Having discovered Anonymous 4 via Christopher Tin’s “Calling All Dawns” album, I picked up the quartet’s latest album which is a kind of retrospective over their career taking segments from each of their previous albums.
To review “Four Centuries of Chant” is very difficult as the album is a completely fluid being. One song envelopes you into another and is done so in a way that transitions softly and almost without notice. What I can tell you however is how the experience is quite profound in a way and the vocal talents of these four ladies really touch something that is rarely touched upon.
The open trio of songs is taken from “An English Ladymass” and are 13th and 14th Century chants. They are sparse, elegant and humbling. There is a certain stillness to them almost Buddhist like, in a meditative state of being and just channelling positive energy out. A beautiful start the album.
The next trio is taken from “The Lily & The Lamb” and is a chant from medieval England. The three pieces continue to send you away to another world, particularly the rousing middle section where some higher vocal sections show some fantastic precision and execution by being both powerful and serenely angelic at the same time. Three chants for St. James from the Codex Calixtinus appear next from “Miracles of Sant’lago” and continue to ascend to audio heaven with some beautiful scales and pitch changes.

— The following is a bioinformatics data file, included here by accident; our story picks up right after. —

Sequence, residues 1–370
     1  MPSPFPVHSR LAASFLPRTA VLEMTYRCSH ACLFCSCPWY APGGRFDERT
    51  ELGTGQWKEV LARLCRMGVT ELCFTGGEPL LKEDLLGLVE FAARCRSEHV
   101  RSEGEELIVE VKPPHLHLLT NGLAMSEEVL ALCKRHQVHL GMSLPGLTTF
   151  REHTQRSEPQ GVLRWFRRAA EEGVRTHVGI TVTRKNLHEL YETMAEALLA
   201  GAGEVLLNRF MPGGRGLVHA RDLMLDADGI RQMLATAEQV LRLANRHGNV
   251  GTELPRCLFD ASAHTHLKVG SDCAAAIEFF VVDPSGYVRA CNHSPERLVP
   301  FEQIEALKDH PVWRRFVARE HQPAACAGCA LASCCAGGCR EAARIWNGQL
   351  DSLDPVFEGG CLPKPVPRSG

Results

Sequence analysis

“Te Deum: Isten, tegad” from “A Star in the East” is from medieval Hungary but continues the same vein of vocal restraint while “Responsory: Spiritui sancto” from “11,000 Virgins” effortlessly spins a yarn of heavenly soars and magical calm sections.
As the album continues through the rest of its 20 tracks, you’ll have floated so far away from home you’ll almost forget you’re listening to four distinct voices travelling with you. The music never really deviates from the first track to the last and there is just one style of chant performed.
Anonymous 4 are fantastic. “Four Centuries of Chant” is perfect for the end of a busy day to relax, as a meditative album to drift off to or even as an album to feel at peace. There is something unique about the quartet’s voices that harmonize as one and therefore despite singing in an old tongue, they carry a message all of their own and you’ll be captivated until the last breath. Magical.